Ted Parker Interview

JournalArt & Culture

Always Look on the Bright Side

Speaking to Netherlands-based artist Ted Parker at this year's Pictoplasma festival...

Be it his trademark clown-esque smiles, a pooping dog (or fella), or simply the fun poses his erratic brush strokes dictate, Ted Parker’s work is guaranteed to make you smile. Capturing the seemingly mundane, the Netherlands-based artist’s amiable, and sometimes smutty, work is inspired by the 1950s, dogs and general feel-good goofing around. Delve a little deeper and humanistic, even sentimental relationships appear, not only between the work and the viewer but Parker’s own relationships; his fears and his loves.

A romantic so and so he may well be, but we can’t get away from the instant impact his paintings achieve. His jovial outlook had us in rather high spirits when we met Ted at his The Early Bird Hype show at this year’s Pictoplasma in Berlin. Here’s what we talked about…

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So why is the chap always bald? Is he based on someone?

Everyone has been asking me that. I don’t know, I guess part of it’s humour but also the fact that the character sort of represents me and my fears. If he was a buff guy with hair like mine (Ted has a mean head of hair), it wouldn’t convey those kind of emotions.

Your work is highly amusing, is that your intention?

Yeah, definitely! I’m all about the poo and dick jokes. I don’t make serious kind of art.

So how long have you been doing it?

Since late 2008. I studied art in The Netherlands and in the States for a little while. I lived in Providence and went to Rhode Island School of Design.

How did you set your style? Its very distinctive and no one else really painting like you right now.

I think the work came together because of my interest in painting and exploring different materials. I guess I kind of grew into it. I then kept it quiet for two years just building up the work. I didn’t have a website until November 2010.

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And people just started to find you?

At the beginning I knew I had this style and I just kept it up. I just kept on working on a body of work, just enough to feel confident. Then they just found me.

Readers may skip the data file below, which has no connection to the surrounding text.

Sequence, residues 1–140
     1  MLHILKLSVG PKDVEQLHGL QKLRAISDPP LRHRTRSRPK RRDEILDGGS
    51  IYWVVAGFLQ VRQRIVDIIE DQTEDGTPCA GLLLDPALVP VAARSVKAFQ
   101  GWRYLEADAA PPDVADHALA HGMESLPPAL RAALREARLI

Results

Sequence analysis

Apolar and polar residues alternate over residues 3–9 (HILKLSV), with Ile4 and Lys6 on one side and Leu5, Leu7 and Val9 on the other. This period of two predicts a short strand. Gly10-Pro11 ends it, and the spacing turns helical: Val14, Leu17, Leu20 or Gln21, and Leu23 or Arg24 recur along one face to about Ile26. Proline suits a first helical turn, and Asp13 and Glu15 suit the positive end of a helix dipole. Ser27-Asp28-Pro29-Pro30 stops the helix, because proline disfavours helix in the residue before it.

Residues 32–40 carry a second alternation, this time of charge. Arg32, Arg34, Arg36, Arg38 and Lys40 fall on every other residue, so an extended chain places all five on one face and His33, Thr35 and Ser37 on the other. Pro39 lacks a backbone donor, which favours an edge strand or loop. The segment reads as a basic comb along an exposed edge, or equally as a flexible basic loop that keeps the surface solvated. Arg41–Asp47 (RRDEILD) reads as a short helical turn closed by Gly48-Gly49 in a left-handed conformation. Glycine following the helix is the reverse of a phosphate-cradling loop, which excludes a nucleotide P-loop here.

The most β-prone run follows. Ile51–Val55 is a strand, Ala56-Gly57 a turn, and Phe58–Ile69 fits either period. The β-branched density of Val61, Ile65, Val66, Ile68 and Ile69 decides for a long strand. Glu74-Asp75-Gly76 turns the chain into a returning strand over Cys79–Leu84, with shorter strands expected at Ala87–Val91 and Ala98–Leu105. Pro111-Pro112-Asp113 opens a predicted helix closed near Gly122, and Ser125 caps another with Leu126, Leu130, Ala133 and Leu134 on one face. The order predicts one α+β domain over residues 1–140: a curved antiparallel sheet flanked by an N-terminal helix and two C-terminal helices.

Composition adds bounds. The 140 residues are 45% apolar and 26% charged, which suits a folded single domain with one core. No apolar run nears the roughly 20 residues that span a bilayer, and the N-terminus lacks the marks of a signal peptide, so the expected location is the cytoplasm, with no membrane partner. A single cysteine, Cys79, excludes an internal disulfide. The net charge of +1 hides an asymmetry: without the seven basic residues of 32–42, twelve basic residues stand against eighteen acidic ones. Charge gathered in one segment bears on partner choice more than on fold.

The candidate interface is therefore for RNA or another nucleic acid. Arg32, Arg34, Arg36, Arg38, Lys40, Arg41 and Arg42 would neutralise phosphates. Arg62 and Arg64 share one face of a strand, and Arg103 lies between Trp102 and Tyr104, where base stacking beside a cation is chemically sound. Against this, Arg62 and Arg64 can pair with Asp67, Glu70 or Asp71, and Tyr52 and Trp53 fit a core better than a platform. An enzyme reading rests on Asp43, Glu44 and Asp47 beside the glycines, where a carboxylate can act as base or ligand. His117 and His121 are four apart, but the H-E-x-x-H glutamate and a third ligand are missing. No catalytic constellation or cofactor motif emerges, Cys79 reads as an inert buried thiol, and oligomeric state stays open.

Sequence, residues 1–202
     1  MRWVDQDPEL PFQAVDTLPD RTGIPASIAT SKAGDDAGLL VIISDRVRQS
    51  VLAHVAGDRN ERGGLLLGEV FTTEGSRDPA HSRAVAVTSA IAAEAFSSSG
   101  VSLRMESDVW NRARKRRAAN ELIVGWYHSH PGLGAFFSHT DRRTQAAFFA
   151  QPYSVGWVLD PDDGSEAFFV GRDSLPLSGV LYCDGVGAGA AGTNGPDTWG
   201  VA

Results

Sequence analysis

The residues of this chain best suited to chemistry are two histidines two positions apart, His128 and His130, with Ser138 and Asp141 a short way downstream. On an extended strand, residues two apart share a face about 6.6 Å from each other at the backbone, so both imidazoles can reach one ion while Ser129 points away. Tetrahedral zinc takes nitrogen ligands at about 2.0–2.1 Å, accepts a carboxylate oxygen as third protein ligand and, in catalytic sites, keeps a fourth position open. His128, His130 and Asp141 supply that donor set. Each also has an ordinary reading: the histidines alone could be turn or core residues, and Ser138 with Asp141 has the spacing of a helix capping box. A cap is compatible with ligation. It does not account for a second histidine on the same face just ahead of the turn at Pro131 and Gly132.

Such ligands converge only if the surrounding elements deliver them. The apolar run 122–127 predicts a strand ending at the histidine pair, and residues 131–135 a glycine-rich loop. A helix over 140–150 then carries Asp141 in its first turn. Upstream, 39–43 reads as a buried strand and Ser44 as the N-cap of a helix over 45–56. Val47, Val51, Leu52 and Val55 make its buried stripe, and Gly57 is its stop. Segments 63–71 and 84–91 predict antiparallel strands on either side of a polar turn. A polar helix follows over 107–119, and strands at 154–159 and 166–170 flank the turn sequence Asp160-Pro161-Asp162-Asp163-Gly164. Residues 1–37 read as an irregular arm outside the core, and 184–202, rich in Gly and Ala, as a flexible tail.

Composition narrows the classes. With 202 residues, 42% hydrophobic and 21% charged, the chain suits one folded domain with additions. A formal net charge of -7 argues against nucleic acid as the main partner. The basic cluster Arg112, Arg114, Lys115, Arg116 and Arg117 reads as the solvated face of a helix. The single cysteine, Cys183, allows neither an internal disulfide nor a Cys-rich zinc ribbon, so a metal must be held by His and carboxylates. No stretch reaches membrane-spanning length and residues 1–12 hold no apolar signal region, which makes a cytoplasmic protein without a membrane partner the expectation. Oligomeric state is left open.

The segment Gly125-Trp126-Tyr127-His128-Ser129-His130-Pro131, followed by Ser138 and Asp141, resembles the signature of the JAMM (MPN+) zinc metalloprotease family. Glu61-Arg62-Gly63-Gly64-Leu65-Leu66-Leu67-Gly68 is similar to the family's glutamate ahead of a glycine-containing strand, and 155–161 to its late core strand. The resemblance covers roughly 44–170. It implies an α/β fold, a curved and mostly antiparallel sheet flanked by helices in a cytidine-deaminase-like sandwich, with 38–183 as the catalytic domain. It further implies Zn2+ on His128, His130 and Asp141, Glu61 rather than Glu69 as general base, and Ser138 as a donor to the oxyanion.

Do you feel confident now?

I never feel confident (laughs).

So why humans and animals as subject matter?

I kind of see my work as capturing moments in my life or in my mind, or at least my versions of events. Like a life I could have outside of the studio if I wasn’t working 24/7. People take lots of photographs of their loved ones, I paint them instead.

The smiles in your paintings are quite distinctive in that they actually do make people smile. What are the smiles all about?

I paint upside down, so the smiles are actually frowns when I paint them. And when they are turned the right way up the smiles almost distort the work. It kind of adds a new meaning to it. You never really know if it’s really happy or not. The smiles can give it a bit of an ambiguous meaning.

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Your leading ladies are pin-ups right, are the 1940/50s an influence?

Yes definitely. That’s my era, I was born too late.

So what kind of music do you listen to?

Old people’s music. I like Neil Young, Bonnie Prince Billy… anything depressing.

Where is your studio now?

I live in Utrecht, but my studio is just outside of it – a kind of studio-live-work place.

Drinking and smoking animals, poo jokes and ladies in summer wear, are you planning on adding new characters to your world?

I think I’ll be looking at the relationships between men and women. I’m getting a child soon so maybe I’ll make some children’s books or something. I don’t really know what lies ahead. I just want to draw. I did a cat once, but I’m not a cat person so it just didn’t work.

So what’s next?

A few shop/café type exhibitions. What is nice about the coffee shop environment is that people sit there for days on end. They get used to the work and slowly fall in love with the pieces. I’ve got one exhibition coming up in Amsterdam too. A lot of stuff comes through friends of friends. Oh and I’ll make some screen prints and maybe make a little online shop.

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Photography © We Heart, except studio image.
All art courtesy and © Ted Parker.